cover image 19 Girls and Me

19 Girls and Me

Darcy Pattison, , illus. by Steven Salerno. . Philomel, $16.99 (32pp) ISBN 978-0-399-24336-3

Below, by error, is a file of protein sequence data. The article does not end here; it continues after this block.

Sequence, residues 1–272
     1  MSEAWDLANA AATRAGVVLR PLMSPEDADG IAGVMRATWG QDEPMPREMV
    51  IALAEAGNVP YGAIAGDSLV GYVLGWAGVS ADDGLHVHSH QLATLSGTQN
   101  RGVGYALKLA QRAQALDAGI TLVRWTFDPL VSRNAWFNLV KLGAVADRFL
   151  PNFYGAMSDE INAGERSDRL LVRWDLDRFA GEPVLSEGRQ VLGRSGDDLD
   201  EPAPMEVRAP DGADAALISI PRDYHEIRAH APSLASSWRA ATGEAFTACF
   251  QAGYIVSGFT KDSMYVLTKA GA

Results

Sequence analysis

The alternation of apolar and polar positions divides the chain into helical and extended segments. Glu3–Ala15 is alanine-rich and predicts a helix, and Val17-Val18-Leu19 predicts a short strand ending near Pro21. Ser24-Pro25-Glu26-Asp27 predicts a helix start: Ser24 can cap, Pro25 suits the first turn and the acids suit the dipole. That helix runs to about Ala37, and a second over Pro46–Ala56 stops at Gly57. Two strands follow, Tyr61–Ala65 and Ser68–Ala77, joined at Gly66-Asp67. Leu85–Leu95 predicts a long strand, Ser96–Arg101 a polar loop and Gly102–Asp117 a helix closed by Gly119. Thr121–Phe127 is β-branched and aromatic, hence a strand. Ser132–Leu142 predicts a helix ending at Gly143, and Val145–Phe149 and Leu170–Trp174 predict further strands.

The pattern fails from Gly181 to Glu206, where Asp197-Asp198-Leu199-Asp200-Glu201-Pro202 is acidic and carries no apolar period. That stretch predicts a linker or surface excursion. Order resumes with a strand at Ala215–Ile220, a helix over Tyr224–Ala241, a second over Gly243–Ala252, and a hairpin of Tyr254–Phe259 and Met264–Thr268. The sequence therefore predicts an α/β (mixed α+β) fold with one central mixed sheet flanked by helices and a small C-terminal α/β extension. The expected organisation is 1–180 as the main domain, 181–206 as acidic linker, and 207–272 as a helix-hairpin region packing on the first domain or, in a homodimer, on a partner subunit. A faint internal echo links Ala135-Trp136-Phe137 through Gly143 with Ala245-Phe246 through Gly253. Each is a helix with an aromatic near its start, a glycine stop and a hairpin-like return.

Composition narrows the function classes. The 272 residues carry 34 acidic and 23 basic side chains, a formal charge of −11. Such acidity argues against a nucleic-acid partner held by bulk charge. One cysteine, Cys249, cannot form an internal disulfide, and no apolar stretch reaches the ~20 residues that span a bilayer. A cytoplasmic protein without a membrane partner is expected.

Gender weighs on the mind of John Hercules Po, the only boy in his kindergarten class. Every day, John's second-grader brother warns that playing with girls turns a guy "into a sissy," and John anxiously asserts he'll turn the girls "into tomboys" first. At recess, John eagerly proposes what he considers boyish fun ("Let's build a skyscraper!"). To his surprise, his classmates add to his original ideas—although the 19 girls follow John's initiative every time. After a feigned battle with a yeti atop icy-blue Everest slopes, John reports that the girls "throw snowballs hard." When they pretend a wooden wagon is a race car and christen it the Sarah Louise , John protests the "sissy name," but takes the driver's seat, with his companions in a toboggan row behind him. Salerno (Coco the Carrot ) styles his graceful and energetic pictures after Bemelmans's Madeline , and gives the pert girls a variety of curls, braids and skin tones; John's blue school blazer and tie stand out from his classmates' uniform red jumpers. Pattison (The Journey of Oliver K. Woodman ) challenges the terms "sissy" and "tomboy"; when John's brother judges the girls "nineteen tomboys," John corrects him by saying "nineteen friends." Ultimately, though, the "one lone boy"—no sissy he—exhibits the strongest personality and the greatest influence. Horace and Morris but Mostly Dolores and Chester's Way do a better job of undermining girl/boy stereotypes. Ages 4-up. (June)